The Bactra Review   The Weightless World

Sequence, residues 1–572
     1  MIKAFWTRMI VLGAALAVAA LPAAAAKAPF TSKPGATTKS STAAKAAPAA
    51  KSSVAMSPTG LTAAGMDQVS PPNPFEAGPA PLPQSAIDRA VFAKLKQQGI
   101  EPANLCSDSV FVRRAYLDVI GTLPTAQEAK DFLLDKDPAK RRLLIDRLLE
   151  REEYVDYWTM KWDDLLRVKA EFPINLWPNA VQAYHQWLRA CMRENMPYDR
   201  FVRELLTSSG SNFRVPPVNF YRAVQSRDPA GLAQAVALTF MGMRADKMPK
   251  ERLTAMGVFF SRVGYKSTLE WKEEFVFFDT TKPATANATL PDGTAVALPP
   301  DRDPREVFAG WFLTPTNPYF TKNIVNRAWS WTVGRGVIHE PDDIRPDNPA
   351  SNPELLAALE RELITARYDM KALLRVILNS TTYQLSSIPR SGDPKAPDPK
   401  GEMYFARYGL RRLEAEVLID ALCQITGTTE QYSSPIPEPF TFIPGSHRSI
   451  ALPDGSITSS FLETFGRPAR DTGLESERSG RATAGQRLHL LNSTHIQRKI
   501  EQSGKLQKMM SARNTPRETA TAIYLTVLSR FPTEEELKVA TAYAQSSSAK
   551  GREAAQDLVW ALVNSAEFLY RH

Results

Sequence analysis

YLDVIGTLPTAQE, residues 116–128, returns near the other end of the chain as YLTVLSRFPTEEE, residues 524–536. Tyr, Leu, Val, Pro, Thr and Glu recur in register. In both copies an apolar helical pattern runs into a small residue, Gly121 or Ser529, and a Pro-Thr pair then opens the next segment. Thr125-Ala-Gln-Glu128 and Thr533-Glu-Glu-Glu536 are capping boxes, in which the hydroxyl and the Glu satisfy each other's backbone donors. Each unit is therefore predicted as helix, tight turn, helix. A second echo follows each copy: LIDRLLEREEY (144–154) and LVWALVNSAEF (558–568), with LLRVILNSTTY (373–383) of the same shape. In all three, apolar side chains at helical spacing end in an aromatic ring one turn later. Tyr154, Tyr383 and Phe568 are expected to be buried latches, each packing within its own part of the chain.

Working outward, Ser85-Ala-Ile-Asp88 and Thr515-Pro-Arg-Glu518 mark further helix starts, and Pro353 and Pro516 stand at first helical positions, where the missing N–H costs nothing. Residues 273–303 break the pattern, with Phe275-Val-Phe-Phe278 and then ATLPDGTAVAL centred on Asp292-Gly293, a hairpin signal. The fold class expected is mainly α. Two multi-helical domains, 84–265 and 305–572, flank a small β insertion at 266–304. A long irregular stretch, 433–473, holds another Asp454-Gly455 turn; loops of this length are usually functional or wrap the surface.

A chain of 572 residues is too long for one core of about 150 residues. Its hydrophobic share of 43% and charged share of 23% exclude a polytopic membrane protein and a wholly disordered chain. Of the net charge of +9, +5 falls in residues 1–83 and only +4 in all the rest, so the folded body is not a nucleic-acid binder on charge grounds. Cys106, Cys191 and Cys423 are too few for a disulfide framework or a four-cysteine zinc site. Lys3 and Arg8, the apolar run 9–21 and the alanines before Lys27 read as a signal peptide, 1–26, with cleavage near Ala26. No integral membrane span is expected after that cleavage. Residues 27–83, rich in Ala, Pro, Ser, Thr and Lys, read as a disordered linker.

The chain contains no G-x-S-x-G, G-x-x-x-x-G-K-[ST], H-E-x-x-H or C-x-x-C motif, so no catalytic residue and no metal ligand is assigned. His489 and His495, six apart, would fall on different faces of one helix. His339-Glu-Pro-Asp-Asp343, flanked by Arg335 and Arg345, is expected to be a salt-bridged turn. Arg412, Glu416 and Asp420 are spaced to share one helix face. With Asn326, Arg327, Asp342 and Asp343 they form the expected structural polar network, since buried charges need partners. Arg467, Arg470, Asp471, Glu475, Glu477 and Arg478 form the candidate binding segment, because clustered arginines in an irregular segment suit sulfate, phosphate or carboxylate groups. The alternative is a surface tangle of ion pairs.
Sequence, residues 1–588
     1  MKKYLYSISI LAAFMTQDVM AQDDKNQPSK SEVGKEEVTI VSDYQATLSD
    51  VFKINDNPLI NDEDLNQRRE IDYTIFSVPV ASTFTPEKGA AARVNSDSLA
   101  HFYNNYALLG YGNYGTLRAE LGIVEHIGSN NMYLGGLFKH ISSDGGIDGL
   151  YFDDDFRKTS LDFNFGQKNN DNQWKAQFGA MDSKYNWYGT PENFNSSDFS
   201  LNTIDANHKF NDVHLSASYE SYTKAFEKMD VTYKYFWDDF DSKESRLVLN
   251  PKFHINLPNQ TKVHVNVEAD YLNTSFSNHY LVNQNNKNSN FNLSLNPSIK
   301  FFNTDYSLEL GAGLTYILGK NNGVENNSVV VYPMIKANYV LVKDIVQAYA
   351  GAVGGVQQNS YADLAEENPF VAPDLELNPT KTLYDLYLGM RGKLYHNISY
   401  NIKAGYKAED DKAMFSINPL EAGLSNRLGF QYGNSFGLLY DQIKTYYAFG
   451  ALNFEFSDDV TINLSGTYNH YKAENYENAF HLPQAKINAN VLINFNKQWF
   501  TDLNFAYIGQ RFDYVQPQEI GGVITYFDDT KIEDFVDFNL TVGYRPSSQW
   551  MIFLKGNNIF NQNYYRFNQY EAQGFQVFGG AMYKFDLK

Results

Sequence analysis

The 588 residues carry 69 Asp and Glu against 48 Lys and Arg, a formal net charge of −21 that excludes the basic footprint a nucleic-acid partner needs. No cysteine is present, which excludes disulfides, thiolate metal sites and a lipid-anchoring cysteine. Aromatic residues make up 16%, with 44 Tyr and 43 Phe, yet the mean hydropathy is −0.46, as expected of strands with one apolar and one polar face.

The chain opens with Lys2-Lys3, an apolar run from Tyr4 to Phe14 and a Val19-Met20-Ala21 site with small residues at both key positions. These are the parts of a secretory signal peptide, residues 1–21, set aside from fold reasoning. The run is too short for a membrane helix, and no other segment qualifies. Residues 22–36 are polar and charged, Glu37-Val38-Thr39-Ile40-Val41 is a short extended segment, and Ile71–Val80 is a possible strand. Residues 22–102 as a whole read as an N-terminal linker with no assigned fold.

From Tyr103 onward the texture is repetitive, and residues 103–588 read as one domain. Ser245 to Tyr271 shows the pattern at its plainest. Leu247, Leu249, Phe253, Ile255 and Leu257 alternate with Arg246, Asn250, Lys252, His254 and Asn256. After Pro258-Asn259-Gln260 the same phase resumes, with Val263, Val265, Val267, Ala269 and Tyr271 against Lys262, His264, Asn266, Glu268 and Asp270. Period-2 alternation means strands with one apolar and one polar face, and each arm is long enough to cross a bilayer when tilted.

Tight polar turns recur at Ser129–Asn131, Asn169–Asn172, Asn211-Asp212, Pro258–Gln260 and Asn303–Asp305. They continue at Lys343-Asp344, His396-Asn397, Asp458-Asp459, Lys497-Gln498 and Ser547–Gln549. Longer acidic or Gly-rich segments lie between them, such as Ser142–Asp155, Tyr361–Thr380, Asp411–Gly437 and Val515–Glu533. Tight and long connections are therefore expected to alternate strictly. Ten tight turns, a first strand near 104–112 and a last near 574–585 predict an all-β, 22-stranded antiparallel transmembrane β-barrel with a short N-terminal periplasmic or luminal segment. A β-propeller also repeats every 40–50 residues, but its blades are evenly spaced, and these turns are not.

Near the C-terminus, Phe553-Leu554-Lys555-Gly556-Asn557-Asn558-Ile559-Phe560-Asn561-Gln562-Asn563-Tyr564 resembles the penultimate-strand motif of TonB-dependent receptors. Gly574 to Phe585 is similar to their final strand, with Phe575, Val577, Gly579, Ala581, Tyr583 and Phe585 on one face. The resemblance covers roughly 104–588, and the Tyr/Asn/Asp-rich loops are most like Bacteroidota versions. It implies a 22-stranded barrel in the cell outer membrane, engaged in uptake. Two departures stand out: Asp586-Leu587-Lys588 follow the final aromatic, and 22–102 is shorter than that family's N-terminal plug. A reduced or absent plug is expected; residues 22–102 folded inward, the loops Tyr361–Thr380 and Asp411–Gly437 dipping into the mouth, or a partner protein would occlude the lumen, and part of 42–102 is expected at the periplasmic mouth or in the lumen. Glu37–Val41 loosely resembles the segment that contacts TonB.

When a commodity is easily produced and distributed in large quantities, it becomes very cheap, i.e., its value declines; and this is precisely what is happening to information. Worse: information-processing getting exponentially cheaper over time, due (among other things) to Moore's Law. It becomes cost-effective to replace larger and larger categories of human information-processors with machines, even if it has to be done in a brute-force-and-massive-ignorance way. Electronic ``computing machines'' were invented to do precisely this, to replace human ``computers'' in doing numerical calculations; they were so effective that the profession has completely disappeared. The tasks of manipulating data-bases and texts, both of which people are quite bad at, were the next ones to fall. These three remain the real killer apps of computation, but of course more and more skills are getting automated every year; think of animation and type-setting. If this trend continues, human symbol-processing will become as archaic as hand-weaving, and human symbol-processors, whether in Manhattan or Bangalore, as employable as weavers. Coyle quotes this (entirely correct) argument of Krugman's, but doesn't take it up.